Re: SVG Fonts [...]

Dr. Olaf Hoffmann wrote:

> And even if a format is cryptic or difficult to edit or at least more
> difficult than to create a glyph with SVG paths, this is no problem as
> long as there is no need to modify or create new glyphs, which need to
> be embedded in the same document to be sure to be always in line with
> a corporate design or whatever are the reasons for designers to have a
> few precisely defined glyphs in a graphic. And if they want to have
> the graphic in a clip art library or at wikimedia commons etc, they do
> not really want to have to care about licenses of fonts from other
> people and therefore have to provide their own glyphs within the same
> file using SVG paths.
> I think, these are pretty different use cases, to provide a font for
> reading a larger amount of text or to provide some specific glyphs
> within the same document for reasons like corporate design,
> advertisement, design etc. The first use case is essential to be able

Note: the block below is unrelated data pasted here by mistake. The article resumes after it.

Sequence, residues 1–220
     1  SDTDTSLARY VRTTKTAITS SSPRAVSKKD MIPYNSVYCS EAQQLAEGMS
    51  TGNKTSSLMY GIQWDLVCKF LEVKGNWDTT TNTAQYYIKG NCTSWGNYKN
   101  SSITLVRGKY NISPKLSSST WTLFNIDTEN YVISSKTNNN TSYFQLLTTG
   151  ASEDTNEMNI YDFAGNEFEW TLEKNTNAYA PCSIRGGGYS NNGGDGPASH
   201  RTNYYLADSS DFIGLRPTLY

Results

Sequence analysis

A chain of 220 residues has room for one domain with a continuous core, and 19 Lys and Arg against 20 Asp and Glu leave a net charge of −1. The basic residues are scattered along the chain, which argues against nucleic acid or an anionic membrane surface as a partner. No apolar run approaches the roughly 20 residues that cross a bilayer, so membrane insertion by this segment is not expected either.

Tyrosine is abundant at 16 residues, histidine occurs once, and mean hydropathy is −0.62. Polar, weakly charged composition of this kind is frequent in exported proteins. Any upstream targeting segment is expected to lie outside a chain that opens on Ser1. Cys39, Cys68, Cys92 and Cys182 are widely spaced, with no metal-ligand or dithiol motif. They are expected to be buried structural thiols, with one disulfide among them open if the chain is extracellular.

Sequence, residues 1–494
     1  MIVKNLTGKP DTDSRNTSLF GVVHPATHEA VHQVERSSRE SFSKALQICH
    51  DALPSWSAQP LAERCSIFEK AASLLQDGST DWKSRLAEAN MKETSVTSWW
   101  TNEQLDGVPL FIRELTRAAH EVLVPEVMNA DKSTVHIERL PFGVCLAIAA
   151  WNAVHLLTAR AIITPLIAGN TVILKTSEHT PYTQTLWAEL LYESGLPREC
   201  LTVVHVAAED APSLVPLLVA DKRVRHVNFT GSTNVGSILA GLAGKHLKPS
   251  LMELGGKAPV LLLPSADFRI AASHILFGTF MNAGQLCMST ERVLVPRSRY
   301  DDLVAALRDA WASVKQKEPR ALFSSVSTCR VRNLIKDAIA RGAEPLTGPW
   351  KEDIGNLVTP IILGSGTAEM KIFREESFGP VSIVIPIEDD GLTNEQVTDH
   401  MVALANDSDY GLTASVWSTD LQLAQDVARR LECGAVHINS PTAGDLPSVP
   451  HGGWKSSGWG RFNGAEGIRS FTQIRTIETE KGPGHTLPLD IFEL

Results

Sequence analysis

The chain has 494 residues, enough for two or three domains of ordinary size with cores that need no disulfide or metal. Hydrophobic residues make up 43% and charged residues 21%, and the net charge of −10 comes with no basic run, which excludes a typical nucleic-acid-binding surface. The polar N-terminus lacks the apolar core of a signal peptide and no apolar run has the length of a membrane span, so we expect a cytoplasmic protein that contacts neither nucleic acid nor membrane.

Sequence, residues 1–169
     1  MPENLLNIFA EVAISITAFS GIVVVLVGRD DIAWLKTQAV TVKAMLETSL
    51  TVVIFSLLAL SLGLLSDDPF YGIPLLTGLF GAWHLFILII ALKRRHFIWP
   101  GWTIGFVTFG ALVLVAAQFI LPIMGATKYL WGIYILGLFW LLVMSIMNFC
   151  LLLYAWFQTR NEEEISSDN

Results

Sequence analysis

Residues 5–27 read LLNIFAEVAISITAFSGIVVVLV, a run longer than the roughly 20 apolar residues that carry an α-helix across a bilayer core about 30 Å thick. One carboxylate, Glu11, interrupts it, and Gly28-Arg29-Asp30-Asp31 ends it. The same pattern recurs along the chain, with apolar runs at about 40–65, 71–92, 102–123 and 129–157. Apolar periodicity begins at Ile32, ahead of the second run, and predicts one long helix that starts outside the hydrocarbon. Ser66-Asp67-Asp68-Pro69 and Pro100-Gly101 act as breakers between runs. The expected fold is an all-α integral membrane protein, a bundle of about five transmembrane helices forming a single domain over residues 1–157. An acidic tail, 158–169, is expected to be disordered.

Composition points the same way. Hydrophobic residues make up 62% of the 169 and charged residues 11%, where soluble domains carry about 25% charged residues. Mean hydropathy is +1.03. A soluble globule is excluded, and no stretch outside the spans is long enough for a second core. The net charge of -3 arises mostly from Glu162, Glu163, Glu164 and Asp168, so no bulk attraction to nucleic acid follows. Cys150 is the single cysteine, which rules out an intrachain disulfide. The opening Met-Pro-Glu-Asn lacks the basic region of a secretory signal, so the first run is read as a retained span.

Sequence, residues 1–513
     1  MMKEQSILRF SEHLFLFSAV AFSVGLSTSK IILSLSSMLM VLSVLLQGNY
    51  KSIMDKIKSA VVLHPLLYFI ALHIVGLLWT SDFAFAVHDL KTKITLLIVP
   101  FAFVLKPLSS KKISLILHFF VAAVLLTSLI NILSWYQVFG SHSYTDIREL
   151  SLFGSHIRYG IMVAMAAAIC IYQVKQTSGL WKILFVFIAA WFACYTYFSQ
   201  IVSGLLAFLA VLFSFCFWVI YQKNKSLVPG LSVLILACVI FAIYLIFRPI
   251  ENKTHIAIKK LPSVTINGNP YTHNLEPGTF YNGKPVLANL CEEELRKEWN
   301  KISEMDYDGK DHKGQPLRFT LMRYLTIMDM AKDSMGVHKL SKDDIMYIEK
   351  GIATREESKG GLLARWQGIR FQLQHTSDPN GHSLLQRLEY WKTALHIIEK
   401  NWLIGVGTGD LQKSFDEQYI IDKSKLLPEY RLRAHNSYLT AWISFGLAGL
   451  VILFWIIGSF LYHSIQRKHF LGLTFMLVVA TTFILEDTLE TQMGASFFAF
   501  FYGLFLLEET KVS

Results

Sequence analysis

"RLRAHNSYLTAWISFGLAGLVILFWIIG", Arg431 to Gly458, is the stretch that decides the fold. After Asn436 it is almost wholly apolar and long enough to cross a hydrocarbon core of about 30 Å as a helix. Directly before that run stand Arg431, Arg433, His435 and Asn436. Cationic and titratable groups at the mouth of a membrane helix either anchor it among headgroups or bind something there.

> to read text at all. The second is advanced graphics. SVG is basically
> graphics expressed as XML. One does not really need graphics in many
> situations, but if their is a decision, that a user agent interpretes
> a graphics format, I think, it has to deal with its specific and
> different use cases as well... And because such an advanced format
> like SVG has built-in accessibility features, a user agent should not
> force authors to ignore them.

You seem to be hung up on the final form font data ends up in.  Given
a set of glyphs designed in SVG, you can use FontForge to create an
OpenType font from those.  If you'd like to view an OpenType font in
XML form, use FontTools/TTX [1]. View, edit, create a new OpenType font
and use it in your SVG.

Do you require JPEG images to be defined in an XML serialization?  Why
does the final form of font data need to be defined exclusively in SVG?

John Daggett

[1] FontTools/TTX

Received on Friday, 4 June 2010 03:53:53 UTC